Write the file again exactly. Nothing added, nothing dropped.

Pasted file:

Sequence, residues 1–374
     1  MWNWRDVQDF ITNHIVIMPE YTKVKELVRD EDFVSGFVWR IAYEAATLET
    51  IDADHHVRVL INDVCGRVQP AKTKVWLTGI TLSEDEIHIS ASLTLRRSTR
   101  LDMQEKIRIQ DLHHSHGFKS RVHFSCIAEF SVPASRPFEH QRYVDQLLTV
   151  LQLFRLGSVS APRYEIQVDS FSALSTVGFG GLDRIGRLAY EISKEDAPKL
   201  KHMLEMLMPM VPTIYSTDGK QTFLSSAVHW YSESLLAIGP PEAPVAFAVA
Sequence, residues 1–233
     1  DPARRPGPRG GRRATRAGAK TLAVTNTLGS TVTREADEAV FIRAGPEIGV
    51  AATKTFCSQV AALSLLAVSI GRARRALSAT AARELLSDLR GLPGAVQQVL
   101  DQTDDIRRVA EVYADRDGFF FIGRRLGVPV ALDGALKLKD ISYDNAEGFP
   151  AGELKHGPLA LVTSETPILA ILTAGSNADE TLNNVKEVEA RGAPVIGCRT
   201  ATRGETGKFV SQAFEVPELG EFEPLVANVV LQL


Sequence, residues 1–374
     1  MWNWRDVQDF ITNHIVIMPE YTKVKELVRD EDFVSGFVWR IAYEAATLET
    51  IDADHHVRVL INDVCGRVQP AKTKVWLTGI TLSEDEIHIS ASLTLRRSTR
   101  LDMQEKIRIQ DLHHSHGFKS RVHFSCIAEF SVPASRPFEH QRYVDQLLTV
   151  LQLFRLGSVS APRYEIQVDS FSALSTVGFG GLDRIGRLAY EISKEDAPKL
   201  KHMLEMLMPM VPTIYSTDGK QTFLSSAVHW YSESLLAIGP PEAPVAFAVA
Sequence, residues 1–233
     1  DPARRPGPRG GRRATRAGAK TLAVTNTLGS TVTREADEAV FIRAGPEIGV
    51  AATKTFCSQV AALSLLAVSI GRARRALSAT AARELLSDLR GLPGAVQQVL
   101  DQTDDIRRVA EVYADRDGFF FIGRRLGVPV ALDGALKLKD ISYDNAEGFP
   151  AGELKHGPLA LVTSETPILA ILTAGSNADE TLNNVKEVEA RGAPVIGCRT
   201  ATRGETGKFV SQAFEVPELG EFEPLVANVV LQL